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Natalia Kanem vows to take fight for women’s reproductive health to boardrooms and beyond as she rues ‘faulty and erroneous’ Trump funding cuts

The new head of the UN population fund has vowed to be more aggressive in promoting the agency’s message to business that protecting women’s reproductive health not only saves lives, but can boost earnings.

On her first visit to London after taking up the post of executive director of the UNFPA on 3 October, Natalia Kanem said she would take the message of no deaths in childbirth, no unintended pregnancies and no violence against women and girls “into the boardroom, cafeteria, wherever it is, so people understand that life-threatening consequences multiply into societal and economic consequences”.

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Sita Chhaudry was sold as a slave at 10 years old. Starved, beaten and denied an education, she has since been elected to local government – and is determined to fight poverty and human rights abuses

Sita Chhaudry became a slave for the first time just after her 10th birthday. Almost every year over the next decade, her parents would sell her again and again to wealthy landowner families, for the small annual fee of $50 (£38), to clean floors, cook meals and look after children.

As a “kamlari” – domestic bonded labourer – Chhaudry was beaten, starved and forced to work 12-hour days for families across the country, many of whom had travelled long distances to “recruit” a young servant as cheaply as her poor, lower-caste parents would sell her.

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Critics say move cosies up to agribusiness lobby in a bid to build support for President Michel Temer before a crucial vote over making him face trial

The Brazilian government has been accused of reducing its ability to protect workers from slave-like labour conditions after abruptly changing the rules. Campaigners, commentators and prosecutors said the move was a “social regression” aimed at buying the support of a powerful agribusiness lobby ahead of a crucial vote in congress that could cost President Michel Temer his mandate.

A government directive by the ministry of labour published on Monday redefined what the government defines as “slave-like work” – even though Brazil’s efforts to stop abusive labour conditions were praised as recently as last year by the United Nations.

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#MeToo has women sharing their stories of sexual violence. Is this a social media blip or can it really be a watershed moment?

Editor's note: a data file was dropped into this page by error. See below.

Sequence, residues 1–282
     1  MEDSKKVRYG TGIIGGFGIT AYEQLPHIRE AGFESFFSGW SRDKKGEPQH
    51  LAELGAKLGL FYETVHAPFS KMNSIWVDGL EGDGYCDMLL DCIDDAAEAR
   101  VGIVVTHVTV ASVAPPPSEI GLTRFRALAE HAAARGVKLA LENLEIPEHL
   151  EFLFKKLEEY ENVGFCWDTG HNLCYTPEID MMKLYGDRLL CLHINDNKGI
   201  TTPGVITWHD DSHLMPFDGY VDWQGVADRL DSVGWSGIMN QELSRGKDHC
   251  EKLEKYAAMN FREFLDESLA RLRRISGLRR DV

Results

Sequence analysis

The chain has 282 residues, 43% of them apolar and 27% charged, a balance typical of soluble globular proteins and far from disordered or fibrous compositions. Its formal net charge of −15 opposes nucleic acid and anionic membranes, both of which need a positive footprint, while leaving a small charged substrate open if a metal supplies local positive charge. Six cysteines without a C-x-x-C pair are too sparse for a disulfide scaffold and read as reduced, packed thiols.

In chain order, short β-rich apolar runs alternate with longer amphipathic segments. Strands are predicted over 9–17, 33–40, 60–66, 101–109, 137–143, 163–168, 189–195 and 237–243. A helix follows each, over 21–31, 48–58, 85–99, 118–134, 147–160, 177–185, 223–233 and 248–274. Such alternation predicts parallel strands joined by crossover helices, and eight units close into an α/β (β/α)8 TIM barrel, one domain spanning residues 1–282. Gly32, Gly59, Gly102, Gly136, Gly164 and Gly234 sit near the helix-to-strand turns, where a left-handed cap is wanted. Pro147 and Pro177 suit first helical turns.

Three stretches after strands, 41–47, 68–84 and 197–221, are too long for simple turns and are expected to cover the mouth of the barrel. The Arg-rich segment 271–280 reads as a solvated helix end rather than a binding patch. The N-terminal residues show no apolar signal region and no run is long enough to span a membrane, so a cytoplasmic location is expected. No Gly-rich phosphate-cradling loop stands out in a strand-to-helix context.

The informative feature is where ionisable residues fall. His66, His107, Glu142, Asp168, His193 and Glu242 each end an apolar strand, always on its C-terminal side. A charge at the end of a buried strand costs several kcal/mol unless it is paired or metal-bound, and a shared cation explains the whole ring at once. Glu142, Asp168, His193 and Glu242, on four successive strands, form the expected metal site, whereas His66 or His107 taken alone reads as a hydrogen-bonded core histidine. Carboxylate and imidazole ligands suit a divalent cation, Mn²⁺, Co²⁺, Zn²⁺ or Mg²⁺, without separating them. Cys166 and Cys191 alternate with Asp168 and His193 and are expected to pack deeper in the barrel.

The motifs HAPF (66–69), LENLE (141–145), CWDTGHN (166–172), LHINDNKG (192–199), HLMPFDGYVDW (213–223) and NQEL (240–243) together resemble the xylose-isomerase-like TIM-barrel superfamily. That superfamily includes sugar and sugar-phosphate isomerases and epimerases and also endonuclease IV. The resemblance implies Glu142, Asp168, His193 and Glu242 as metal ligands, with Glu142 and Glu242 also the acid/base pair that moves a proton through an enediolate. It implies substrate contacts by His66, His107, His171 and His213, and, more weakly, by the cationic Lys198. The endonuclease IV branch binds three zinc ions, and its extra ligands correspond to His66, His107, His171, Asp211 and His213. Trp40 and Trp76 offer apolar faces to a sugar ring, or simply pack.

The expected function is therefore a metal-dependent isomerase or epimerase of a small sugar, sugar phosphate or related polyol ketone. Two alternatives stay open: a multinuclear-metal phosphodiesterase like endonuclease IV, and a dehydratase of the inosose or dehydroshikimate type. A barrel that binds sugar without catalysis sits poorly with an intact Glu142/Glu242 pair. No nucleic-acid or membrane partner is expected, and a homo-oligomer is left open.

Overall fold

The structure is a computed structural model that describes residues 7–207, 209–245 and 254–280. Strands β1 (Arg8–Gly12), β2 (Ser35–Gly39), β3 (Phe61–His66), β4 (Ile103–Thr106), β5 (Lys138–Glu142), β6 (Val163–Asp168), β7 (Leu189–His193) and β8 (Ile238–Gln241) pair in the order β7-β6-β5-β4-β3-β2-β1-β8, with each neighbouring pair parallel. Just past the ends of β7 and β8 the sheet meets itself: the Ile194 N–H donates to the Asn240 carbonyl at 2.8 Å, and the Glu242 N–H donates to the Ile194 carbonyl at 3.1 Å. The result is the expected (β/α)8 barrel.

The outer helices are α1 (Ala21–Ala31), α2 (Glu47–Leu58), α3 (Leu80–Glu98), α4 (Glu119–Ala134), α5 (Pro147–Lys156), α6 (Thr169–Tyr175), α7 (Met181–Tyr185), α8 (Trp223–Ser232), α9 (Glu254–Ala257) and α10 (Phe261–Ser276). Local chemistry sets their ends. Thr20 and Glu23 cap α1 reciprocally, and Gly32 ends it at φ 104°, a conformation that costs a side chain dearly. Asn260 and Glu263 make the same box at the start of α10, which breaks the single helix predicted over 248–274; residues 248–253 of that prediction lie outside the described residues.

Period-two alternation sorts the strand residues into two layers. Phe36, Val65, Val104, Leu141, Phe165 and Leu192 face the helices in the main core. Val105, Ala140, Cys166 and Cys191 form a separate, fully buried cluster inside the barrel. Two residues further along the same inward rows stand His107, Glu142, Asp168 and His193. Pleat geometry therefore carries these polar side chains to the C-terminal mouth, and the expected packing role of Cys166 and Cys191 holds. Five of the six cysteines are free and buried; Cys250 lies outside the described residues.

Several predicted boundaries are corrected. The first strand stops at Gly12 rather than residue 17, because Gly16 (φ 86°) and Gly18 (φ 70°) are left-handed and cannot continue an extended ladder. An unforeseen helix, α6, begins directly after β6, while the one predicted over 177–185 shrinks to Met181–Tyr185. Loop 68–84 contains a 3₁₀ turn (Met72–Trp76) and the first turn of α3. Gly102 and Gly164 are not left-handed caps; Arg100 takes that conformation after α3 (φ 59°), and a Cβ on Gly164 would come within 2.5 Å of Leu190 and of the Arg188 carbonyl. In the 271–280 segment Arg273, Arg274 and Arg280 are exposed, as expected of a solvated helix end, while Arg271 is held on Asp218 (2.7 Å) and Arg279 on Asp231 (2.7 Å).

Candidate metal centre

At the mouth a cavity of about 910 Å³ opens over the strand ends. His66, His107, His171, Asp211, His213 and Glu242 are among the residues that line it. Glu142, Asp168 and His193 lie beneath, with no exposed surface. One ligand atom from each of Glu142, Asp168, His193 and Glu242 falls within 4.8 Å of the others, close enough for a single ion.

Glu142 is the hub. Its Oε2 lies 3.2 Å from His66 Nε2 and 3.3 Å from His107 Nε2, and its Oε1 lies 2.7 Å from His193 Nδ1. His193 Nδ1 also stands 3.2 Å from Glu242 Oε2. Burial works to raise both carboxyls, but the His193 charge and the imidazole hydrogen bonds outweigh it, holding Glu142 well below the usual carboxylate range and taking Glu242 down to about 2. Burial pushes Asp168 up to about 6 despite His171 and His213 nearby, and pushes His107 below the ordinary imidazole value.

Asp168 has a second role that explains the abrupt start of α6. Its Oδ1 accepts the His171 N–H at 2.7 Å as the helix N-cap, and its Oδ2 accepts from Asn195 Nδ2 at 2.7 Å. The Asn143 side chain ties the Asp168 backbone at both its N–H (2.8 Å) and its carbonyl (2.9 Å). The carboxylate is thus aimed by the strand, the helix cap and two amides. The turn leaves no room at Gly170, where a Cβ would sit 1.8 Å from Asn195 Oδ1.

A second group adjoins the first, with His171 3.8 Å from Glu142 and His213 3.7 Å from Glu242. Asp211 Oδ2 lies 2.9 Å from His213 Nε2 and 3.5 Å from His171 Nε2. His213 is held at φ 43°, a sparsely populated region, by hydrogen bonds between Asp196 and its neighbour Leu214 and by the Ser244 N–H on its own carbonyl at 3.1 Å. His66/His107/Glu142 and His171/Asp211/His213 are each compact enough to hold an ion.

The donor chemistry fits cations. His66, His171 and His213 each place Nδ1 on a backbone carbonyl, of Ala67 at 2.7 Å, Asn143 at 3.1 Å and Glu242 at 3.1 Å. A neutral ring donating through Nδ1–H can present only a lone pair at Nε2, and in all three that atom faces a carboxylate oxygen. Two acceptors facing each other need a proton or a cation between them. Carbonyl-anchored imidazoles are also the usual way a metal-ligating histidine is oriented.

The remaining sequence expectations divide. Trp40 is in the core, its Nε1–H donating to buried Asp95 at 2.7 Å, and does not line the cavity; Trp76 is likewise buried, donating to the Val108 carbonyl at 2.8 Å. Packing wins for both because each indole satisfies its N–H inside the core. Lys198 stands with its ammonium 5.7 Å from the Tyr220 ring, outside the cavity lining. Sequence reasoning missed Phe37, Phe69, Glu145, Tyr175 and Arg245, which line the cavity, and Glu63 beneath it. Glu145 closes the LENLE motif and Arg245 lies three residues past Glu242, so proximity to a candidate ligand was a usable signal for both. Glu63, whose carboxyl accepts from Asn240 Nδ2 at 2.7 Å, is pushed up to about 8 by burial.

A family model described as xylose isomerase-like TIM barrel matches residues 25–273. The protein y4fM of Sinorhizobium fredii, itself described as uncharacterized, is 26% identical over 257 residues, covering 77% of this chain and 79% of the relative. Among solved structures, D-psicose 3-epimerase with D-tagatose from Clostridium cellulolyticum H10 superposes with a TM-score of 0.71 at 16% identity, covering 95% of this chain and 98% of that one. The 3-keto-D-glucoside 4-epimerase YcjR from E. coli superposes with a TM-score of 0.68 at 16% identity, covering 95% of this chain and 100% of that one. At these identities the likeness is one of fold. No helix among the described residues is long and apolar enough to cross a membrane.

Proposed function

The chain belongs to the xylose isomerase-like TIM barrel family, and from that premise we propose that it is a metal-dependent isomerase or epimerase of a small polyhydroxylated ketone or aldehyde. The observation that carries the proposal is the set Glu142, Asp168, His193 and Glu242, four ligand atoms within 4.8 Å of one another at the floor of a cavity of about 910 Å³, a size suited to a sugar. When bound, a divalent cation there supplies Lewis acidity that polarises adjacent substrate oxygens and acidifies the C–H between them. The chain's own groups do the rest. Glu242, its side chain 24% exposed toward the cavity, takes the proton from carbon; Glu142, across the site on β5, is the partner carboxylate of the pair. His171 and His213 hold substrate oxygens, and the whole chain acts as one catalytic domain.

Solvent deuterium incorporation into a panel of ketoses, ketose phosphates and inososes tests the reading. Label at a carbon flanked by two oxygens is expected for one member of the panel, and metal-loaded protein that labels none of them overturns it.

As I walked home through Melbourne last Friday night, two men harassed me on the street. It was nothing notable, just your garden-variety harassment that most women are used to. One denigrated my appearance audibly to the other, who turned to him, laughed, high-fived him. “Good call, man!”

My face burned and my pace quickened, and they watched, laughing, as I walked away. Thanks, mates. Good call.

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Actor Alyssa Milano’s online call after the Harvey Weinstein revelations became a conversation about men’s behaviour towards women and power imbalances

It started with an exposé detailing countless allegations against Hollywood producer Harvey Weinstein. But soon, personal stories began pouring in from women in all industries across the world, and the hashtag #MeToo became a rallying cry against sexual assault and harassment.

The movement began on social media after a call to action by the actor Alyssa Milano, one of Weinstein’s most vocal critics, who wrote: “If all the women who have been sexually harassed or assaulted wrote ‘Me too’ as a status, we might give people a sense of the magnitude of the problem.”

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The US president got the 13% right, but not the cause – and he risks contributing to another increase: in hate crime

A US study of Donald Trump’s tweets this week concluded they tell you about him more than they spark deep, insightful policy debates.

But his sudden interest in the annual crime rate in England and Wales and his conflation of this week’s 13% jump in offences with “radical Islamic terror” attacks in Britain is likely to fuel another ugly statistic published by the Home Office this week.

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New Zealand’s new prime minister is one of 13 female heads of government in the world

Almost one month after voting day in New Zealand, 37-year-old Jacinda Ardern has become the country’s new prime minister. Ardern’s victory, which was a surprising coup for the country’s left, makes her New Zealand’s third female prime minister and its youngest leader in 150 years.

Related: How reluctant leader Jacinda Ardern charmed New Zealand

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Spain’s government has said it will push ahead with suspending Catalonia’s autonomy after the region’s leader refused to abandon secession plans

A little more than two weeks after the Catalan independence referendum, which plunged Spain into its worst political crisis in 40 years, the Madrid government has announced it will take the unprecedented step of suspending Catalonia’s regional autonomy and imposing direct rule.

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Murdered investigative journalist’s sons tell of attempts on their mother’s life, and why they blame a ‘takedown of the rule of law’ in Malta for her death